I have an old Soltek SL-65KVB motherboard. It was taken out of service due to AGP graphics instability which was probably due to bad capacitors. This diagnosis seemed pretty obvious because capacitors right by the AGP slot were bulging, but I didn't bother fixing the motherboard because it was a good time for an upgrade.
Now I would like to repair the motherboard, mainly because the combination of a Pentium 3, 640MB of RAM and an ISA slot could provide a nice way to use old hardware. By now, even more capacitors are obviously bad. However, only the GSC 1000µF and 1500µF 6.3V capacitors with gold/brown lettering have obvious problems and more numerous smaller GSC capacitors with silver/white lettering seem fine.
I didn't feel like unnecessarily replacing the smaller capacitors, so I quickly built a very simple capacitor ESR tester. The basic idea is the same as various other ESR measuring devices documented online: a stepdown transformer outputs low voltage and low impedance pulses which are used to measure capacitor ESR. I built the stepdown transformer from an inductor with a short secondary wrapped around it, and I used a 555 chip to supply low duty cycle pulses at high frequency. The 555 can supply enough current that it's possible to directly drive the transformer with a resistor in series with the primary.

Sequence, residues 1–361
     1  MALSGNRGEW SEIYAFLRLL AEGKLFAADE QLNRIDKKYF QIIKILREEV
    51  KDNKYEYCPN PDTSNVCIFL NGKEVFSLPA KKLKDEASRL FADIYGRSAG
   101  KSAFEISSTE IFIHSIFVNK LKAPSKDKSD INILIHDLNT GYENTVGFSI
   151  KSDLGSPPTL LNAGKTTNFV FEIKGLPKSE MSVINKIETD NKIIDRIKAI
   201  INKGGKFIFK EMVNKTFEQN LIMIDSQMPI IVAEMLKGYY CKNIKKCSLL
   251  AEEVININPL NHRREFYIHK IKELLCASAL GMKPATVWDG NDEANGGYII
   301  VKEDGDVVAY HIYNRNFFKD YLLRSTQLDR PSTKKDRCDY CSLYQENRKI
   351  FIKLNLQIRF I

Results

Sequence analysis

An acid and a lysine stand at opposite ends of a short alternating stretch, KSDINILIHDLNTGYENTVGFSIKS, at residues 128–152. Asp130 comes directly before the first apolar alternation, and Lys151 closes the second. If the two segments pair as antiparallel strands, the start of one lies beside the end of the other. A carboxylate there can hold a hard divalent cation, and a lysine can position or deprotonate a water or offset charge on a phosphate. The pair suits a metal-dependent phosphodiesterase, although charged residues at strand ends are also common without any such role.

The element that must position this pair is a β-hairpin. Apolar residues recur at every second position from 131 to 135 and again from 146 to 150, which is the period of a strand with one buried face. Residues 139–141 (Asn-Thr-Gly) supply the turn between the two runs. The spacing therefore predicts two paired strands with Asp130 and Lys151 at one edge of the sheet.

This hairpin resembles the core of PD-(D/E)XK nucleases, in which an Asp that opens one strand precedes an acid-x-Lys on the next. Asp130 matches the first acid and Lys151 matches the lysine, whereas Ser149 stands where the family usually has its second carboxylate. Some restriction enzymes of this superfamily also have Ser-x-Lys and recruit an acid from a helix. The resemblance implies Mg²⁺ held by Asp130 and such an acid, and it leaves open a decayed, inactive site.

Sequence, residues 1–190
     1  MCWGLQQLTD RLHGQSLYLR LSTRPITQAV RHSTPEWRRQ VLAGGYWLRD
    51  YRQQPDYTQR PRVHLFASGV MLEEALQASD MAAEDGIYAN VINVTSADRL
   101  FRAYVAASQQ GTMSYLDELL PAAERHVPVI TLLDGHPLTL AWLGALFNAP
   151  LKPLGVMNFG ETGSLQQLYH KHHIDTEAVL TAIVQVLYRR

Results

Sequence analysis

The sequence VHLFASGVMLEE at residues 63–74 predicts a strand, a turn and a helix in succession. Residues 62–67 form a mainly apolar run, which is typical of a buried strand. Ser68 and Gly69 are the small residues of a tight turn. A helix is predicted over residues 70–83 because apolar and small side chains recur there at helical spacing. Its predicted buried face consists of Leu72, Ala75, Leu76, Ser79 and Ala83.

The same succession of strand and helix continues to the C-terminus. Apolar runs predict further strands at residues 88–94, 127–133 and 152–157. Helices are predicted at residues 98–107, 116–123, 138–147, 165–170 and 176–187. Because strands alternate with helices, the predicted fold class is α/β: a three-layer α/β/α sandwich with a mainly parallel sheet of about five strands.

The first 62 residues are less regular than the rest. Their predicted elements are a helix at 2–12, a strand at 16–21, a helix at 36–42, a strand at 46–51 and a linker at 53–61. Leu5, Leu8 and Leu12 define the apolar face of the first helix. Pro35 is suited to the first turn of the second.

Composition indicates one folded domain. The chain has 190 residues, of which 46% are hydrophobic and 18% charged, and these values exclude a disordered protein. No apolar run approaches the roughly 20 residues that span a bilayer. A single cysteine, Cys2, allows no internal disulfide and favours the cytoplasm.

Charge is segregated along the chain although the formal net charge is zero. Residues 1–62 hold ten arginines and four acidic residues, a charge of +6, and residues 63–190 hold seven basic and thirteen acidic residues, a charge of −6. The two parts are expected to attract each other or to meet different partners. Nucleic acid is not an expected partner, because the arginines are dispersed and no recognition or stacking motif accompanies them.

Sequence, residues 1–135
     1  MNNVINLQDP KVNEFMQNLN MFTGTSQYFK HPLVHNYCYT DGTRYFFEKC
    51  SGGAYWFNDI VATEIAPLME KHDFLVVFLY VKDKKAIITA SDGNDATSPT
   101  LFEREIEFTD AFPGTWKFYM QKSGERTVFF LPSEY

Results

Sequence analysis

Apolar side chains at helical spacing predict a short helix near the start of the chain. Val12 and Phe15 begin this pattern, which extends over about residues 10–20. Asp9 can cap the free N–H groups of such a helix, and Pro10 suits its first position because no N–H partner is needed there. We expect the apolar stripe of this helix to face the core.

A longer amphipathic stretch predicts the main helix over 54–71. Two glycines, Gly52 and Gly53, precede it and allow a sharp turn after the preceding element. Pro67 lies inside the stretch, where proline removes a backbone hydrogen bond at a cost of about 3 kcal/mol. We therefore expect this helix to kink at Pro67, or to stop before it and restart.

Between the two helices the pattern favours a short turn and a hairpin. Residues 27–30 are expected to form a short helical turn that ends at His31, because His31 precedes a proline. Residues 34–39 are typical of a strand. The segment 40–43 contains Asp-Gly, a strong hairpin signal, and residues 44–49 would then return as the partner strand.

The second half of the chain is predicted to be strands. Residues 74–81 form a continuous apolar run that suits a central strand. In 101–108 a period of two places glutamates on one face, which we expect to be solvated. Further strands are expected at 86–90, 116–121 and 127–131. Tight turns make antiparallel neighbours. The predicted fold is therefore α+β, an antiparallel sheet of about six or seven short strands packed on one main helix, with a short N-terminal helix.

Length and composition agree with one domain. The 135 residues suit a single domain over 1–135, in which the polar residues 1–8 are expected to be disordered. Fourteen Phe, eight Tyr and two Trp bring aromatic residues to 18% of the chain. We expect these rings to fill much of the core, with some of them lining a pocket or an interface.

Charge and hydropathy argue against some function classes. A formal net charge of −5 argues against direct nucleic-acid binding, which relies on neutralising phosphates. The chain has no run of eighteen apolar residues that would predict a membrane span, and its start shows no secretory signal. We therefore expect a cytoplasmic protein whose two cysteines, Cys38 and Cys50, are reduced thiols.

My first attempt with a secondary of just a few turns worked pretty well when capacitors were plugged into the breadboard. However, test leads had enough impedance to make the circuit useless. Reducing the oscillation frequency to around 100 kHz and adding more turns to the secondary improved performance, making the bad capacitors very obvious. Test leads were still a problem however. Adding a 1Ω resistor in series with the secondary improved the situation significantly, so I proceeded to test the small capacitors on the motherboard via test leads.
It seems the small capacitors are all ok. However, among the large capacitors, even most that weren't bulging are bad. Only two of the ten 1000µF capacitors have a low ESR. Of course, considering the other failures, these shouldn't be used for anything either.